- 5. Network. Sharing business ideas, collaborating on projects or simply talking to other company owners will help you to succeed. Gone are the days when business ideas were top secret (unless you are the designer for a certain fruit-themed electronics brand)! Success in today’s market is about whom you know and how you can help each other. This is an incredibly valuable tool for rural business owners. Not only can it help you to reduce costs, networking can also help to widen your own knowledge and give you the skills to provide additional services to your customers. There are many networking groups in the local area, so get out there and try it for yourself!
Whilst the true success of a company boils down to the business acumen of the owner, these five factors really can be ‘make or break’. At The Rural Business Community, we have fully embraced these ideas for several years. Back in 2009, the director, Charlie Reading, was running his Independent Financial Planning company, Efficient Portfolio, from his home. This company was rapidly expanding and becoming more and more desperate to be located in a professional office with meeting room facilities. In Rutland, the search for a fully serviced office that provided the essential meeting rooms that he needed for his clients, provided to be impossible. Charlie soon realised that there was a distinctive gap in the Rutland market for a rural based, serviced office facility that allowed small businesses to operate in a professional environment. Further to this, Charlie felt that the offices in the local area lacked a complete package, which should include vital IT services, reception facilities, meeting rooms and virtual office solutions. All of these can certainly be found in a city environment, but for those who wish to work in the peaceful setting of Rutland, no such facilities were available.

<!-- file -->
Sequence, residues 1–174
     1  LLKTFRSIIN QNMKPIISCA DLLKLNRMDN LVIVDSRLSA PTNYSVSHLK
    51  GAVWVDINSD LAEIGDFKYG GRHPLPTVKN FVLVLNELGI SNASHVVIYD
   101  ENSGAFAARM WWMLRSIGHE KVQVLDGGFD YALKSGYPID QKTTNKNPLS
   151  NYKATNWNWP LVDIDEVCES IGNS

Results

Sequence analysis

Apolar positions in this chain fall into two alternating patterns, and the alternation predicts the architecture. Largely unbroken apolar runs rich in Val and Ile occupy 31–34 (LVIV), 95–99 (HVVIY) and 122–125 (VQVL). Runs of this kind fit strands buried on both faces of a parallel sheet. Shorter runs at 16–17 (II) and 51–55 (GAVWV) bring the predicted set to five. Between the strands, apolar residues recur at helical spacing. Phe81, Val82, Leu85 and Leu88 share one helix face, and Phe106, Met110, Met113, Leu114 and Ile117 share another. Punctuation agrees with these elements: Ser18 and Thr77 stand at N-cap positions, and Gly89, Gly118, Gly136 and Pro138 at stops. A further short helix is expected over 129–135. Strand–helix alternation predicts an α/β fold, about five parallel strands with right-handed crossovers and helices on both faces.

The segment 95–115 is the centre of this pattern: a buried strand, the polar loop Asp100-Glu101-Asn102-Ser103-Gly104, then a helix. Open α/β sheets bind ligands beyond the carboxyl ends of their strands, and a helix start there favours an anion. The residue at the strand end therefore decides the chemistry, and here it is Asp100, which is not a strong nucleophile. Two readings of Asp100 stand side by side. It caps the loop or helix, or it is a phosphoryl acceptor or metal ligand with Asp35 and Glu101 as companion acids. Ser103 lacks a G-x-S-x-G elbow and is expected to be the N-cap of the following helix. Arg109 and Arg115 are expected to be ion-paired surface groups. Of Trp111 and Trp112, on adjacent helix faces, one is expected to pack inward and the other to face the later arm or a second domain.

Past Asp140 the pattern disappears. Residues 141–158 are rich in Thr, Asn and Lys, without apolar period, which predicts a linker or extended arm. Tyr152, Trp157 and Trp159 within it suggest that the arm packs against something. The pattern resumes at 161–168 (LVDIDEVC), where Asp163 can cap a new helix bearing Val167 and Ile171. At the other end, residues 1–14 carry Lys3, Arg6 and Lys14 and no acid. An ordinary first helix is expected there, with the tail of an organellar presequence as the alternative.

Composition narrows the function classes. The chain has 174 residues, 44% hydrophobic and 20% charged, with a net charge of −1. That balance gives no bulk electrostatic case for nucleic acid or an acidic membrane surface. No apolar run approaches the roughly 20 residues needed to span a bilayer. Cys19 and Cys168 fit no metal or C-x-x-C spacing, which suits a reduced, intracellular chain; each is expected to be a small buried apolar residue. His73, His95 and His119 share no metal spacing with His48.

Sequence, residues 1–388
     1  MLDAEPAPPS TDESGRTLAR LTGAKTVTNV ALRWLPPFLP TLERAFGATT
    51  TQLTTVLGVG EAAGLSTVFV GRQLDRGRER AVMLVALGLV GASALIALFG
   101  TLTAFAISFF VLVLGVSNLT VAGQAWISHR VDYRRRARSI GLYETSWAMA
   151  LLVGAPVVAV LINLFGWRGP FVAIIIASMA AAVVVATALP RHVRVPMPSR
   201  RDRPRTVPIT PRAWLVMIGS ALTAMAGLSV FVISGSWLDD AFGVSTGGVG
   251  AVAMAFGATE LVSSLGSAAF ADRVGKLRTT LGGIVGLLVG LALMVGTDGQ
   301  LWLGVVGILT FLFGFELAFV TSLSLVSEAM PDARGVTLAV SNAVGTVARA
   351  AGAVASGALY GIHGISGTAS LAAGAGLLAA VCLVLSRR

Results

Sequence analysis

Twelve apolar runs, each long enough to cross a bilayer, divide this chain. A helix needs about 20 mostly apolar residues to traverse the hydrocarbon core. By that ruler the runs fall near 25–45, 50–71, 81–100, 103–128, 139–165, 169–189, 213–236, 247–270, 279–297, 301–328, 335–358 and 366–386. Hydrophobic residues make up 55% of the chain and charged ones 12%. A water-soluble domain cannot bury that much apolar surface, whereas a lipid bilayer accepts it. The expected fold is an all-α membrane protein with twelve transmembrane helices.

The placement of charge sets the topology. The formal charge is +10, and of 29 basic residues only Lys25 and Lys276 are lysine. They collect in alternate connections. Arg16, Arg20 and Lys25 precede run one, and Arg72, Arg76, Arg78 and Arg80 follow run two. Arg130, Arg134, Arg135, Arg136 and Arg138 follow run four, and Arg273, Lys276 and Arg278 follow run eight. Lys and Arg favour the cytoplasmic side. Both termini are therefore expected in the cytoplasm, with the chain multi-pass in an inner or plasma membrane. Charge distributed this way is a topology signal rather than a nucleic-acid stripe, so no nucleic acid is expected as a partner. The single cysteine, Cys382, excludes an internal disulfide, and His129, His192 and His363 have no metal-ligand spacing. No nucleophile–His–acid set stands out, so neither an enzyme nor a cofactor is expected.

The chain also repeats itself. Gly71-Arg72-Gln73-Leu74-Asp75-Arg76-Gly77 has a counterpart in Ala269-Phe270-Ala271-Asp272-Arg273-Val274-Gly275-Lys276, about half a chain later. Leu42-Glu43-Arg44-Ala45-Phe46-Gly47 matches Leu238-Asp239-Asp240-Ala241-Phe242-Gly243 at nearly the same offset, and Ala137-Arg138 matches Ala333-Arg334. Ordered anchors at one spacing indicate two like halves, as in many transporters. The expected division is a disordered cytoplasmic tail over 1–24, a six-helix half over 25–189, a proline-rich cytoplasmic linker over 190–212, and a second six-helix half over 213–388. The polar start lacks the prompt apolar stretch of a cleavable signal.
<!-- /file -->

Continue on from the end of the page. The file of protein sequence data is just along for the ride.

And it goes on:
Charlie’s family farm the land in Seaton and Deene, and due to their land ownership, Charlie was presented with an ideal opportunity. In part of the land in Seaton sat a derelict, stone barn, which had become disused and neglected. Charlie’s idea was to convert this once beautiful building into an equally attractive professional, office facility. A business plan was carefully drawn up, alongside a grant application for an eco friendly, business centre. In August 2011, after more than 2 years of planning, reconstruction and hard work, The Rural Business Community opened its doors.
Charlie and the team at The Rural Business Community understand their market, fill a niche and carefully plan their finances (well, you would hope so with an Independent Financial Planner at the helm!). More than that, we keep our ears to the ground and endeavour to provide services and solutions to our local community; whether it is a private office to play home to an existing company, a virtual secretary service to a start-up business or a meeting venue for a local training firm. We also offer free networking events and seminars, as we believe that collaboration and education are the factors that will help the UK rise out of recession. On the whole, Rutland is economically sound. Of course companies have closed their doors, but we are a strong county with a good basis for business. The Rural Business Community strives to help all local firms when and where we can. If you feel that we could help to support you business, come and see us today.